And a problem of communication, with line management unable to articulate strategy and align staff behind it.

“Fewer than 10% of employees report that they understood their company’s strategy” Kaplan & Norton The Execution Premium

It’s not a problem you find in the best entrepreneurially-minded businesses.

Over 20 years of working on strategy with both the best entrepreneurial businesses and the biggest corporate businesses, we have observed a fundamental difference in the cultural approach to strategy between the two.  And I believe that difference is at the heart of the costly execution problem in corporate business.

That difference is as simple as this: fast-moving, entrepreneurially-minded businesses actively engage their people at every level so that they not only clearly understand strategy but take ownership of it.

Of course, that’s easily done in a small or flat structure. But this is not just a matter of structure and scale. It’s a matter of human beliefs and behaviours.  It can and does work in organisations of any size. But it requires a complete change of attitude.

Key to this approach is having management first identify and emotionally engage with the purpose that exists behind the strategy. This starts at the top but ultimately needs to happen at every level required to execute the strategy. It’s a radically different approach to the imposed top-down, ‘strategic launch’ approach of most large companies.

“High performance people do better work if they understand the context…the best managers figure out how to get great outcomes by setting the appropriate context, rather than by trying to control their people”. Reed Hastings, Netflix

By first understanding the context (the ‘why’), it’s far easier to take ownership and responsibility for the strategy (‘what’ needs to be done).  By then working through a structured process of prioritisation it’s possible to see with clarity how this can be achieved for that particular management team or business unit.

That resolves the first execution problem of a lack of clarity, with competing objectives paralysing management’s ability to act decisively and with velocity – and that can be critical. As Baum and Wally conclude in their work “Decision Speed and Financial Performance ‘there is a particularly clear association between strategic decision-making speed and subsequent commercial performance’.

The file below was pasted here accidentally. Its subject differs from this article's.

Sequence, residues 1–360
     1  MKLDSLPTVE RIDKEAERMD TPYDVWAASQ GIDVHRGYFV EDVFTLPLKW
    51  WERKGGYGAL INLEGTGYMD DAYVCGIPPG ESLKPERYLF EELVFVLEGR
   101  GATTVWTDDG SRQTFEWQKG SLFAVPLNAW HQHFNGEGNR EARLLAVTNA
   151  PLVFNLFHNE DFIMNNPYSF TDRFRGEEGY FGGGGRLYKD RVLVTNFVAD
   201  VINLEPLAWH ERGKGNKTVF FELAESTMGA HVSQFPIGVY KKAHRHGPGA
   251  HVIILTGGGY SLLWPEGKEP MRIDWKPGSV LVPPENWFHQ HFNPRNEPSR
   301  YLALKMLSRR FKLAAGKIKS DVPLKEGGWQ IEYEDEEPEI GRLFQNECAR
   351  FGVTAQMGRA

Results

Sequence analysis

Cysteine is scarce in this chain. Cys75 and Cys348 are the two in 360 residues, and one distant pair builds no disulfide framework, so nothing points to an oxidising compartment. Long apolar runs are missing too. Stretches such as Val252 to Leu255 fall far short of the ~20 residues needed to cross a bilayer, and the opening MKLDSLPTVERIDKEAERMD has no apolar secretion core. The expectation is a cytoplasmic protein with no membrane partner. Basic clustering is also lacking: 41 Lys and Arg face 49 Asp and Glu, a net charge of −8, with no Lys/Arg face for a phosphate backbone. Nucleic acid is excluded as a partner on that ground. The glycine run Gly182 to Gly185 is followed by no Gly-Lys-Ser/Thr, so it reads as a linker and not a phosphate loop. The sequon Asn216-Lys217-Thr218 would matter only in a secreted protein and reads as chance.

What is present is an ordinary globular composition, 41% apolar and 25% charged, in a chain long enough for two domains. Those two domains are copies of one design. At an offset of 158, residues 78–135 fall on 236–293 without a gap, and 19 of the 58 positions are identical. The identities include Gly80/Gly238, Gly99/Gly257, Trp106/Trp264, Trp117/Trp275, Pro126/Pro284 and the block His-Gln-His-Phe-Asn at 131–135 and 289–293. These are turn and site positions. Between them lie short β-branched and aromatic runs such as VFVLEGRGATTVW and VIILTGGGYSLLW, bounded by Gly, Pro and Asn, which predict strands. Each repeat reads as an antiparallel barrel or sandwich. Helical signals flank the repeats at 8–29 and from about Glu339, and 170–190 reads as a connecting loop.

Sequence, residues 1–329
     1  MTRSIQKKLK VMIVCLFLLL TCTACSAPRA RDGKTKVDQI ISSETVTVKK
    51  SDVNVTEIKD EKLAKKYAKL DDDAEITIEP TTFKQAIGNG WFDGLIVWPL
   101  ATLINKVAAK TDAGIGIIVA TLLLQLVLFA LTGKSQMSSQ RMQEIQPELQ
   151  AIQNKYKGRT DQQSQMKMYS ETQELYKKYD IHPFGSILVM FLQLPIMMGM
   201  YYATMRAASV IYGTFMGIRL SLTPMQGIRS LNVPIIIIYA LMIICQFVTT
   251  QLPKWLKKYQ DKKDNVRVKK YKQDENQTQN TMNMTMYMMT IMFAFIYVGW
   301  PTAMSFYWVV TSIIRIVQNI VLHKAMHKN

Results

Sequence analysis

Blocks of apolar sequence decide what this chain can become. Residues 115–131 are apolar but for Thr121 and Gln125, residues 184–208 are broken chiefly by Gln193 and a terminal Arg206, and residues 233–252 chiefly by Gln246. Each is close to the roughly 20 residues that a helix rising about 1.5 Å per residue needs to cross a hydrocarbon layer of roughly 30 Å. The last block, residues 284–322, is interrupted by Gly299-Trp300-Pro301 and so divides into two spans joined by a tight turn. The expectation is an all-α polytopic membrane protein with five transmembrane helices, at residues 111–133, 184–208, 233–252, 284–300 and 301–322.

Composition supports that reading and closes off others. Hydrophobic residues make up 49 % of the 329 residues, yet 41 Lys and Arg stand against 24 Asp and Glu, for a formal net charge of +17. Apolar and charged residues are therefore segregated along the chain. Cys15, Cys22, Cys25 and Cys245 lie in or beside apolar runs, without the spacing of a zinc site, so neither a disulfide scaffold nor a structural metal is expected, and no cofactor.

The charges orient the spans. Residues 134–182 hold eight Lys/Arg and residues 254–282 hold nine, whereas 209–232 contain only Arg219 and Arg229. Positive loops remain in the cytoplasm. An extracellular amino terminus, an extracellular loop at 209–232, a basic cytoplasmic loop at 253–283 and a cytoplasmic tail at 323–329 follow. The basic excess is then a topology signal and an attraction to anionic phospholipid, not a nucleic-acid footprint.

And there’s a second feature of entrepreneurial management teams that has been lost in traditional corporate hierarchies; trust.   A lack of trust leaves middle management unwilling to take responsibility for fear of sanction and creates the familiar sclerotic cultures of endless meetings and analysis which are the hallmark of a culture fundamentally unable to take responsibility. After any time spent in a typical UK corporate it will become abundantly clear why high-trust cultures are 50% more productive (Paul Zak).

Clarity of context and a culture of trust also resolve the third problem of strategic execution; communication. If management are confused as to the purpose the strategy serves and unwilling to take responsibility for it, they can hardly be effective in communicating it to, and inspiring, their teams. It’s hardly surprising that, in most organisations, the vast majority of employees haven’t the first idea of what the strategy is – and that’s a major disincentive to effort and commitment.

Entrepreneurial management has long been adept at navigating the kind of volatile, uncertain and ambiguous business world corporate organisations are increasingly having to face. In this new world companies with a desire to survive need to learn the lessons of contextual clarity and trust that allow entrepreneurial businesses of any size to be strategically agile, adaptable and fast.

But for that to happen someone in the organisation needs to take some self-responsibility for changing how things are done. And that will never happen..

 

John Rosling is a writer and lecturer on entrepreneurship, CEO of Contexis and Head of Thought at the Contexis Index; ever curious as to how entrepreneurial thinking is the key to activating purpose, stimulating agility and velocity and fulfilling human and commercial potential in global organisation

 

Photo by Josh Spires on Unsplash


Unstoppable Change

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Loving the Eth Word

Just finished my filmed interviews with the Eth Word (www.theethword.co.uk) “unbusiness-like conversations about values, purpose and leadership”. Great interviewer. I think there were tears..


Love it when someone makes things easier for us. Thanks @nmatthews for our The Buzz form!